The first plenary session was ‘Paradigm shift: a slate of new automation platforms’ delivered by Marshall Breeding, Director for Innovative Technology and Research at Vanderbilt University.  Breeding, a long-time observer of the evolution of the uses of information technology in libraries, argued that we are at the beginning of a ‘paradigm shift’. He expects library management systems that are rooted in print and not well-suited to adapt to new content forms (so that digital content has to be provided through parallel systems) to give way to library platforms that enable a unified approach to content management. 

He sees the key to achieving this shift as being a move to ‘web-scale’ technologies and a cloud-based environment where libraries make use of hosted multi-tenant software accessed via the web on a subscription basis to replace self-managed and discrete library management systems.  Libraries would no longer own and manage their own data – the data will be “in the cloud” and libraries will make use of it in the way that suits their collections.

Breeding did make it clear that he was thinking, in the first instance, of the academic library environment, where the majority of funds are already spent on electronic content and that the 10-year ‘cycle of transition’ he foresaw might not apply to the public library sector, where he expected the older model to persist for longer.     

The first workshop I attended was Dave Pattern’s ‘Discovering Discovery: experiences of implementing Summon at Huddersfield University’. He outlined the problems that Huddersfield had previously encountered with providing access to e-resources, such as needing multiple passwords and different interfaces (these seemed familiar to the academic library staff – and students – in the audience). A Library Impact Data Project had found evidence of a strong correlation between usage of e-resources (particularly journals) and academic achievement, but also a worryingly low usage of these resources.

After an e-resources review they had chosen to implement Summon, which allows the user to search the physical library stock, e-books (mainly digitised full text), journal and newspaper articles with a single search, thus satisfying the users’ preference for a ‘Google-like’ search without diminishing their ability to make use of the full range of library resources.  The result has been a significant reduction in the number of complaints and a substantial increase in usage.  (It should be remembered that the context here is one where users primarily need to have access to journal literature for the purposes of research).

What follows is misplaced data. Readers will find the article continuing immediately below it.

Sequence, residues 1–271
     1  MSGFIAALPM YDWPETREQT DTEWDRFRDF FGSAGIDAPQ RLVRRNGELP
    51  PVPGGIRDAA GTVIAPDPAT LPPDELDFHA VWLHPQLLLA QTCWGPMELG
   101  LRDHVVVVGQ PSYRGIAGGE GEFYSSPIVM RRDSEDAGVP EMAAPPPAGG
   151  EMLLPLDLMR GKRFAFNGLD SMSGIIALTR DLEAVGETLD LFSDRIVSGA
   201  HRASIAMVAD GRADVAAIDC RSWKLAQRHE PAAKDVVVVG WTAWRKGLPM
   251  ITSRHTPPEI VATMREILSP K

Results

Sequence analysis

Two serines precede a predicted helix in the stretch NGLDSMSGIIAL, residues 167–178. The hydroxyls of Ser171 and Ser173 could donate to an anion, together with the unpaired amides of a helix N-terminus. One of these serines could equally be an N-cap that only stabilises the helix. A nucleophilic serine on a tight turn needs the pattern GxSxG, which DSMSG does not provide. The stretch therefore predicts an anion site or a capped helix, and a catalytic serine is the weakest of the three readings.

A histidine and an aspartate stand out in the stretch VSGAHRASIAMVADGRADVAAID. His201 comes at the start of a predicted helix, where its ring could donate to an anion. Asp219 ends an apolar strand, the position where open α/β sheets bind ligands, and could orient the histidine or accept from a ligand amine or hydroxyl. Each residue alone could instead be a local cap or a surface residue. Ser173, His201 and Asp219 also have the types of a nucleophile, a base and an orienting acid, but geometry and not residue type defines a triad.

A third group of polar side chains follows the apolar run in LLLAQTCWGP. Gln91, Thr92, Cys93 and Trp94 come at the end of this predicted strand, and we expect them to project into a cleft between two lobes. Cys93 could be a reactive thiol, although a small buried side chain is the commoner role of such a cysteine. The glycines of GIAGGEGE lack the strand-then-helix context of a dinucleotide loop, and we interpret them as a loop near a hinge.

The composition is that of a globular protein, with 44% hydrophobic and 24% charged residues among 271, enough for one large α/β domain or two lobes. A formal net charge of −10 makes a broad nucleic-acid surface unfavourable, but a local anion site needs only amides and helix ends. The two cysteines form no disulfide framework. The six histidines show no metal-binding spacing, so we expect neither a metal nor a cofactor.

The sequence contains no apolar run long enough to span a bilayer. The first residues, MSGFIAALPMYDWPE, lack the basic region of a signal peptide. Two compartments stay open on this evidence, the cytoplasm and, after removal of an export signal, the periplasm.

Summon at Huddersfield can be seen in action here and the slides from a similar presentation here .

In the second workshop ‘A free web toolkit for the modern library’ Claire Beecroft and Andy Tattershall of ScHAAR (School of Health and Related Research at Sheffield University) offered an entertaining survey of some of the (mostly) free online tools that are available to enhance and promote the service provided by a modern LIS.  They divided them into ‘Pliers’ (how to pull people in), ‘Saw’ (how to cut costs), ‘Hammer and nails’ (how to pull things together) and ‘Trowel’ (how to spread the message).  The tools demonstrated included various Google apps that can be used to replace Microsoft software, Mendeley (a reference management database), Prezi (an alternative to Powerpoint for creating presentations) and Vimeo (which ScHAAR use as an alternative to YouTube for posting online tutorials and publicity material).

They also (on a sobering note) stressed the importance of making sure that apparently free content taken from the web really is free and not the property of a copyright holder and (rather dampeningly) were doubtful about whether it was really possible to write an engaging institutional blog.

Their own blog is here .

Unfortunately Ross Mahon (Apps Edu Evangelist @Google) was ill and unable to present the second plenary session in person, so presented it from Ireland via Google Hangout, thereby demonstrating the potential of one of Google’s products (although – to be honest – I didn’t think this was an unqualified success).  His presentation was mainly a demonstration of how various Google Apps for Education can be used to communicate better with the ‘Digital natives’.

In between the morning and afternoon sessions there were a series of five-minute presentations (including one from a Sheffield student about designing attractive QR codes) and the day finished with a Q&A session with all the speakers.  Asked specifically about public libraries, one speaker said that free applications potentially offered public libraries the greatest opportunities precisely because we have the least money. When asked what he felt the greatest threat was, Andy Tattershall replied that it was that “the rug might be pulled from under our feet” – meaning that some of the things we have become used to getting for free might not always remain so.  

The official  MmIT blog contains an account of the day, with the slides from some of the speakers’ presentations and summaries of the workshops I missed.  It has also been blogged by Michelle’s Library Stuff , Lady Pen’s Treasure Trove and Sensible Shoes and entertainingly live-tweeted (the tweets were displayed at the sides of the stage) by some of the students who were helping organise it and by some of the delegates (using the hashtag #MMIT2012).